Remember that Credit CARD Act passed last year? It limited the fees that credit card companies could charge and introduced dozens of other reforms designed to protect the consumer from being taken advantage of by the big, bad, banks. As it turns out, there are plenty of loopholes, the first and most obvious was that many of the provisions didn’t go into effect into a few months later. So credit card companies immediately raised interest rates to offset some of the losses they would see with the new regulations. Funny that no one saw that coming.

Well there are some other regulations in there. Turns out the banks can’t charge a bunch of fees for people that overdraft on checking accounts anymore. And banks don’t want to take a hit on profits. Let me explain a bit how banks make money.

All companies have 3 sources of capital. That is, they can get money to finance operations that generate profits from 3 sources. They can borrow it, they can raise money from investors, or if they’ve got cash on hand they can use that. Banks have another option. They use deposits from customers. Cash on hand is difficult to use, so borrowing money or getting cash from investors is the best way. But that’s expensive. Debt might require a return of 5-10%, and equity requires even more. How much do banks pay on deposits? Depending on the kind of account, these days it’s around 1% or less. It’s nothing if you have a checking account that doesn’t pay interest. Banks use checking accounts to draw in customers to sell them all the other products they have. They are limited on what they can do with the money in checking accounts, so they can actually lose money on them.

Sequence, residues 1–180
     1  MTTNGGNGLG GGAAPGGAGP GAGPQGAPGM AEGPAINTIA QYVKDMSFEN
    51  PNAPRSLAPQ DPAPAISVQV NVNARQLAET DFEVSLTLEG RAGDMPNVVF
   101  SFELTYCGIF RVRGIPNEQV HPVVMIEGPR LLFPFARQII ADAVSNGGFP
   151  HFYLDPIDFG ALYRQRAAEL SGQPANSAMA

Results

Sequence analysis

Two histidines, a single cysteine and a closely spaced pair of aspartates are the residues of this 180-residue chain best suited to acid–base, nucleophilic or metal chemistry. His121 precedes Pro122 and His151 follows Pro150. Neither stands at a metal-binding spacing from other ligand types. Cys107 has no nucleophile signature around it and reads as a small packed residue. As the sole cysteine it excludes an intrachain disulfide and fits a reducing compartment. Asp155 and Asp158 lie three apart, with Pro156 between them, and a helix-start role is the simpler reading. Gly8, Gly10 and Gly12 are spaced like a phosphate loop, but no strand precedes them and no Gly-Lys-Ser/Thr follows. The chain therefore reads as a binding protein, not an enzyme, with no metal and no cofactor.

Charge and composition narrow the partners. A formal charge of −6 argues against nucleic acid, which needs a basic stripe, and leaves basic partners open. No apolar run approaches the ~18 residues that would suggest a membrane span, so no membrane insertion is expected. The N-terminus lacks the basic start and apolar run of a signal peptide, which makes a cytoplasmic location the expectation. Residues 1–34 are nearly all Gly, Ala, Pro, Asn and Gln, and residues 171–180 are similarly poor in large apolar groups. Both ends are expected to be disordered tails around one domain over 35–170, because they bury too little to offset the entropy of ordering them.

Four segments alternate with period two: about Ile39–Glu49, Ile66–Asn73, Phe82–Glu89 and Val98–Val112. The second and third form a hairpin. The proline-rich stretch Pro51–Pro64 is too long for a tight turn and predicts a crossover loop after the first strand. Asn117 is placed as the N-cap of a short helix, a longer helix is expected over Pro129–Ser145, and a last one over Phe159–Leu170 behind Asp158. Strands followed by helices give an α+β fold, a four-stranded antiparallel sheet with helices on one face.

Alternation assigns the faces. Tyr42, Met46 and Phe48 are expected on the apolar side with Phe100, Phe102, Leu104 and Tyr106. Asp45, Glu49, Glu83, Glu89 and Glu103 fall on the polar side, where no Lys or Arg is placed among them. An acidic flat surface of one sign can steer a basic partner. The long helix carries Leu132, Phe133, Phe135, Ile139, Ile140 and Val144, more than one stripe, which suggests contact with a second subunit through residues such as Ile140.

This is especially true when you break the rules by overdrafting on your account. Banks originally introduced the fees to deter you from overdraft. Call it “punishment” or “consequences”, but banks eventually learned it could be a source of profit. So fees got jacked up and then regulated away.

To make a long story short, your free checking account is not long for this world. Banks have to make up for the lost revenue from those overdraft fees, and they’re going to start collecting “maintenance fees” and other kinds of fees. The way I see it, customers that used to break the rules and were charged for it now get a break. Customers that followed the rules and got to enjoy the benefits of such now have to help pad the pockets of big bank shareholders.

I don’t blame the banks for doing this, they have to do right by their shareholders and they’re playing along with the rules the Congress laid out for them. You can’t regulate away profits and expect companies to just sit there and take it. Thanks Congress.

For a slightly different opinion check out this post.

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categories: banking, business, government, personal finance